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2 Meuse Valley Project

2.1 Research history

The Meuse Valley Project is a regional archaeological investigation by the Faculty of Archaeology of Leiden University and the National Museum of Antiquities. Both Leiden institutions have a long tradition of research on the Neolithic in the Netherlands. The extensive excavations in the loess area of the villages of the Linear Bandkeramic Culture (LBK) (5400 BC) (Modderman 1970; 1985; 1988) and the research into the earliest Neolithic in the delta (Michelsberg Culture, 4400 BC) (Louwe Kooijmans 1974; 1993a) are still the basis of our knowledge of that period. The research into the Mesolithic in the south-east of the Netherlands has long been the subject of archaeologists from Groningen (Bohmers, Wouters, Price, Newell) and Amsterdam (Arts, Deeben). In the early 1980s, the Leiden area also became the focus of attention, as a result, among other things, of the research into bone barbed points from the Maasvlakte (Verhart 1988; 1990).

The history of the Meuse Valley Project probably begins with the finds and excavation in Koningsbosch (Van Haaren & Modderman 1973), a settlement area in the middle of Limburg with a number of specific artefact types such as tanged arrowheads ('pine-like', denneboom) and transverse arrowheads, small scrapers and smooth-surfaced quartz-tempered pottery. Similar items had been found before but they now received the 'cultural label' Mittelneolithikum von Limburg for the period between 4200 and 2700 BC (Van Haaren & Modderman 1973: 48). This investigation clearly indicated a large gap in our archaeological knowledge. There was little or no information about the coversand area of the middle of Limburg and Brabant, exactly in between the loess area in the South of the Netherlands and the delta in the West, and the same situation applied to both the late Mesolithic and middle Neolithic. The transition from LBK to Michelsberg, so crucial to the Neolithization process in the Netherlands, was still hidden from our view both in space and time.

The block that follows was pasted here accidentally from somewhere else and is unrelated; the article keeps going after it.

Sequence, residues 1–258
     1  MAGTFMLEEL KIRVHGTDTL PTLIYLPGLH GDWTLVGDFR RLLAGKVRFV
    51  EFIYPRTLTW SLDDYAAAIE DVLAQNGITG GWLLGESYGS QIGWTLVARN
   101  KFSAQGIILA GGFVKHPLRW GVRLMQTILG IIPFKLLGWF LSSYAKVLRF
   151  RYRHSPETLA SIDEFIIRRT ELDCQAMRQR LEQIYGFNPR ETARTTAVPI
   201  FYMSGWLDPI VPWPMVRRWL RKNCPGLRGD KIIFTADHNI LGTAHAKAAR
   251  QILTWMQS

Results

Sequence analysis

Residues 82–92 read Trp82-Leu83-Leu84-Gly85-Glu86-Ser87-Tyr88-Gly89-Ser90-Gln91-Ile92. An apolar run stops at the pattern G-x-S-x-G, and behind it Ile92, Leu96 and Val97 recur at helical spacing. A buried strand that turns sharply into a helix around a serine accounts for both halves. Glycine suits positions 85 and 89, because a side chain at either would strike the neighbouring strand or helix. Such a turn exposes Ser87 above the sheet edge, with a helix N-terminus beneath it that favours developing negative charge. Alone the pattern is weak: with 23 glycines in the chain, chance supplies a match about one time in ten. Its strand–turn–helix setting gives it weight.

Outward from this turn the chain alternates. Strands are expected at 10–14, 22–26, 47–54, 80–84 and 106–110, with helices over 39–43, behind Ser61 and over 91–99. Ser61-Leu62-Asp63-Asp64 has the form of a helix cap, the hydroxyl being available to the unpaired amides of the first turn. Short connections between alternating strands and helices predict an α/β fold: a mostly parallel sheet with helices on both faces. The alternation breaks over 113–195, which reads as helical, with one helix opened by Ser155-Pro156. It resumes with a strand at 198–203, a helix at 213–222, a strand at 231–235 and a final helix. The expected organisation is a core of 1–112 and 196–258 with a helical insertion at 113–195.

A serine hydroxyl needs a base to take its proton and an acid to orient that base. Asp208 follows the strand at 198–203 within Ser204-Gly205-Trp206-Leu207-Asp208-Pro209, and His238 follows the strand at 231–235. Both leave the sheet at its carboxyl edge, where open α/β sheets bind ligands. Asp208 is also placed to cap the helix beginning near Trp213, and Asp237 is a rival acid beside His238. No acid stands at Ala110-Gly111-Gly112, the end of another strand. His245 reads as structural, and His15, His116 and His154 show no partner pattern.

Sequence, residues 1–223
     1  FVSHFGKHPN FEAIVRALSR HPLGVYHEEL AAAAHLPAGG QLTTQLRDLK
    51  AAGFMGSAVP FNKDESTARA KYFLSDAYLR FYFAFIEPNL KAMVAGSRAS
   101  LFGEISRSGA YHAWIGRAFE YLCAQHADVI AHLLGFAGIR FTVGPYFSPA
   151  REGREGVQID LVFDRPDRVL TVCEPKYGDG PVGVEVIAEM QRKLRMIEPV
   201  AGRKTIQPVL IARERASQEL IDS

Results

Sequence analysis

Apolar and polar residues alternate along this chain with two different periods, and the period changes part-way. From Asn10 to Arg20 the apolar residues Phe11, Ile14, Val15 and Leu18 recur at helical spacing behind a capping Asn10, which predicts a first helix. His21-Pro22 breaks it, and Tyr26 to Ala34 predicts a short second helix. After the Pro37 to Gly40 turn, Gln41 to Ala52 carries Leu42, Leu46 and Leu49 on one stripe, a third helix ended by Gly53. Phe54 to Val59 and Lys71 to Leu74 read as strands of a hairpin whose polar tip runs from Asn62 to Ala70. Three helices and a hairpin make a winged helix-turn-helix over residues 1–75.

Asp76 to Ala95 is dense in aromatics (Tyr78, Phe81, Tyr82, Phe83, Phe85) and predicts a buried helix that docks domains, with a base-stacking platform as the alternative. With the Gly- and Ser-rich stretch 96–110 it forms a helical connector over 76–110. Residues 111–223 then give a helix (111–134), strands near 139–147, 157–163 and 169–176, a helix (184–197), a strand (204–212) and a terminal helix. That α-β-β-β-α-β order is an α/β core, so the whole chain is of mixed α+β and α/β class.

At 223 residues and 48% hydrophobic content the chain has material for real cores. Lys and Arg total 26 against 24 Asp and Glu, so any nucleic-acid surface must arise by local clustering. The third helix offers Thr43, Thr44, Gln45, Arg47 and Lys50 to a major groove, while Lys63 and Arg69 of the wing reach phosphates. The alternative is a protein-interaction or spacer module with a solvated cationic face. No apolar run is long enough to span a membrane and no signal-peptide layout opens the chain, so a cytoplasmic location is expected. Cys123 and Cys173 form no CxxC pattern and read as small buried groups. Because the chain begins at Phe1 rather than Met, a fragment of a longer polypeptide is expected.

Louwe Kooijmans, together with a group of students, started a survey of the extensive collection of the local historical society, Heemkunde Vereniging Roerstreek in St Odiliënberg. An important goal of this survey of surface finds was to determine the research potential of this rich source of archaeological information. The project gained a more official standing when in 1989 a research proposal entitled 'The transition from Mesolithic to Neolithic in the Meuse Valley: a geographical approach' was funded by means of a subsidy from NWO. This provided two of the participating students with an opportunity to continue the investigation as part of their PhD work. The request stated the problem, goal and procedures clearly for the first time. It is a regional analysis of surface finds, on several spatial levels, attempting to gain insight into the Neolithization process in the south-east of the Netherlands with the aid of automated techniques for analysis and presentation.

[Knowledge gap]
Fig. 26 Between the areas in the South (Bandkeramic) and the West (Michelsberg) lies a considerable spatial and chronological gap in our knowledge


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Last updated: Wed Feb 25 1998